CAMBALUC, the name by which, under sundry modifications, the royal city of the great khan in China became known to Europe during the middle ages, that city being in fact the same that we now know as Peking. The word itself represents the Mongol Khan-Balik, “ the city of the khan, ” or emperor, the title by which Peking continues, more or less, to be known to the Mongols and other northern Asiatics.
A city occupying approximately the same site had been the capital of one of the principalities into which China was divided some centuries before the Christian era; and during the reigns of the two Tatar dynasties that immediately preceded the Mongols in northern China, viz. that of the Khitans, and of the Kin or “Golden” khans, it had been one of their royal residences. Under the names of Yenking, which it received from the Khitan, and of Chung-tu, which it had from the Kin, it holds a conspicuous place in the wars of ]enghiz Khan against the latter dynasty. He captured it in 1215, but it was not till 1284 that it was adopted as the imperial residence in lieu of Karakorum in the Mongol steppes by his grandson Kublai. The latter selected a position a few hundred yards to the north-east of the old city of Chung-tu or Yenking, where he founded the new city of Ta-tu (“ great capital ”), called by the Mongols Taidu or Daitu, but also Khan-Balik; and from this time dates the use of the latter name as applied to this site.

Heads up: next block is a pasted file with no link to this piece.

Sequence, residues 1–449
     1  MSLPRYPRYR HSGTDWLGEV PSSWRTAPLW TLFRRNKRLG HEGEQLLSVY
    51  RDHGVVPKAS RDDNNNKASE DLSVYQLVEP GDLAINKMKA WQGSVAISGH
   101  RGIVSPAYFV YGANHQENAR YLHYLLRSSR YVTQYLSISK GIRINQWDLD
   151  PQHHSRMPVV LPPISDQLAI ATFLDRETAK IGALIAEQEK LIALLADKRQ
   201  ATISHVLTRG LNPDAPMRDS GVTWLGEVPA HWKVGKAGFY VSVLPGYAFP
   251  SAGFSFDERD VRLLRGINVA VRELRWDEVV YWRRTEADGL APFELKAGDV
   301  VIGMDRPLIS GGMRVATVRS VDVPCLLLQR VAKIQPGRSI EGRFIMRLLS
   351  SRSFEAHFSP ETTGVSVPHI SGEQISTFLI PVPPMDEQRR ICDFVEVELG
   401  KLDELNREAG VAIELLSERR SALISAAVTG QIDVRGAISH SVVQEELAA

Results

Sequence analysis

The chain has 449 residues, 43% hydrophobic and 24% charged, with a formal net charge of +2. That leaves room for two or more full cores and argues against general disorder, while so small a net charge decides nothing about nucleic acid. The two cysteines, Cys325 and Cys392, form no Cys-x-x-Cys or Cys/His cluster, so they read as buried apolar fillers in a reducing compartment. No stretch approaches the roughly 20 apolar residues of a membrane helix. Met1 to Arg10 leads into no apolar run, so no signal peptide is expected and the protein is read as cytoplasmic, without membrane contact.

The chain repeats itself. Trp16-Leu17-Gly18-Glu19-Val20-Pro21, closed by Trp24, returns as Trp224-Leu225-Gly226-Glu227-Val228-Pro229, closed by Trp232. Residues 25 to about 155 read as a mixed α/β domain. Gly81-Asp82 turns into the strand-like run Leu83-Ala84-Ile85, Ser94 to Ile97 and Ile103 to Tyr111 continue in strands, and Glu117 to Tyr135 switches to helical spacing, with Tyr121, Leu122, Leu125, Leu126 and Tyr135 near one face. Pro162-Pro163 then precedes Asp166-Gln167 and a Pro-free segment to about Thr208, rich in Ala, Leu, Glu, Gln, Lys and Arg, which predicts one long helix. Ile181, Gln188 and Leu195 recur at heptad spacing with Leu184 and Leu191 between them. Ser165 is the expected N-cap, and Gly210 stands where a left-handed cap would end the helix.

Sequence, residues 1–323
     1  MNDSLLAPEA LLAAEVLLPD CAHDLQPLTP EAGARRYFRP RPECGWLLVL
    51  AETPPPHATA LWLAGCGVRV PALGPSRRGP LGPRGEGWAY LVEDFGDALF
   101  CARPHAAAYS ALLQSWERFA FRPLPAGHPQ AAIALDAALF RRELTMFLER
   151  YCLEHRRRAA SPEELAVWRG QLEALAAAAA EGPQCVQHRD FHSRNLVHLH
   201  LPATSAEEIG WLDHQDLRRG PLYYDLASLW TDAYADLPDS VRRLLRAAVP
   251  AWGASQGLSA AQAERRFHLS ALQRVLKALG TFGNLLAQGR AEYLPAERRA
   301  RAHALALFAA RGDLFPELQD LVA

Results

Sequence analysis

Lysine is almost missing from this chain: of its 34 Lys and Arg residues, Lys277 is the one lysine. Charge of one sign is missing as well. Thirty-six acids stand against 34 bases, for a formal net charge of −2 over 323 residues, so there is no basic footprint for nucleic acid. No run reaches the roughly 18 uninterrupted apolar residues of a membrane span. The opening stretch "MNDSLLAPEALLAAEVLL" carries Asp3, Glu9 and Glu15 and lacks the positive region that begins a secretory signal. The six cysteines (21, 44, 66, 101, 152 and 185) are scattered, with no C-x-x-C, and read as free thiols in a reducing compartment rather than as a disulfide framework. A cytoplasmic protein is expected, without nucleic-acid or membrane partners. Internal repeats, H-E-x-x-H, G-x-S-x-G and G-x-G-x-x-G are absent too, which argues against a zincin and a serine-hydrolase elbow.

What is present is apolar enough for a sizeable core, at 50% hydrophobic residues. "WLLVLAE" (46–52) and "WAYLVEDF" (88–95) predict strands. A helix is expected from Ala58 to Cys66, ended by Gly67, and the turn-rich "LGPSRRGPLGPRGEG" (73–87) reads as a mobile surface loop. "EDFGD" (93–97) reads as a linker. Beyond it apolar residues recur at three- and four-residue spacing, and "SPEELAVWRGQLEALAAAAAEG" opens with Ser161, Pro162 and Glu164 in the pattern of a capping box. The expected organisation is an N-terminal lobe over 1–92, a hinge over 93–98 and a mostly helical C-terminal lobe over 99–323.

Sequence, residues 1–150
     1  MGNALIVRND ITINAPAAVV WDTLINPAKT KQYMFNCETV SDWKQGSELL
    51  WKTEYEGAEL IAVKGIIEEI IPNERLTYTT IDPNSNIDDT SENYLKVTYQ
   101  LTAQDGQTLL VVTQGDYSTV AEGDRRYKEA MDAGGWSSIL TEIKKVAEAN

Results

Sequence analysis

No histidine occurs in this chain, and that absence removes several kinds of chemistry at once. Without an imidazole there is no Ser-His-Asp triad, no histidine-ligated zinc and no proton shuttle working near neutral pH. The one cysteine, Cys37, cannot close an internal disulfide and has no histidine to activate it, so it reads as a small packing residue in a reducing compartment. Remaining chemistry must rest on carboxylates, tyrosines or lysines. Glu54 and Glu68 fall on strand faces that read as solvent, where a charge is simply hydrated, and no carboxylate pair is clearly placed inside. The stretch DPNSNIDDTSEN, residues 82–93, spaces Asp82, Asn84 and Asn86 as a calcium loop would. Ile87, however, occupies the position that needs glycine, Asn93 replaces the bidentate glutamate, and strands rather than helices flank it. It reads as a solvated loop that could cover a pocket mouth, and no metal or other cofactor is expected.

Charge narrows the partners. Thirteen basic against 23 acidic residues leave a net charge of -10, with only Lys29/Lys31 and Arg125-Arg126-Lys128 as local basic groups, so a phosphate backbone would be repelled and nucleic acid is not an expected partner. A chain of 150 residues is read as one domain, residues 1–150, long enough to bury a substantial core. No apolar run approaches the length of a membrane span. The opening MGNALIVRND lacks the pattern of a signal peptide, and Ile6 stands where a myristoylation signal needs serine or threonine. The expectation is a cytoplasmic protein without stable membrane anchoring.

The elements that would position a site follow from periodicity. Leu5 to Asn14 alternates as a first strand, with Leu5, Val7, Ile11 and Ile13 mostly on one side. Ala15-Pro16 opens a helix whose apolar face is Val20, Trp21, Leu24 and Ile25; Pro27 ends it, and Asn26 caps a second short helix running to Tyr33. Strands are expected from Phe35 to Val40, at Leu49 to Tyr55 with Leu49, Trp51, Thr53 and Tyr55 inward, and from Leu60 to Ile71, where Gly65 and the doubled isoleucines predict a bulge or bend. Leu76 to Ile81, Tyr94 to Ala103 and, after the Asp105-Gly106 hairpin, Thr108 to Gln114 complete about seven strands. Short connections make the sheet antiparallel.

The new city formed a rectangle, enclosed by a colossal mud rampart, the longer sides of which ran north and south. These were each about 5⅓ English m. in length, the shorter sides 3¾ m., so that the circuit was upwards of 18 m. The palace of the khan, with its gardens and lake, itself formed an inner enclosure fronting the south. There were eleven city gates, viz. three on the south side, always the formal front with the Tatars, and two on each of the other sides; and the streets ran wide and straight from gate to gate' (except, of course, where interrupted by the palace walls), forming an oblong chess-board plan.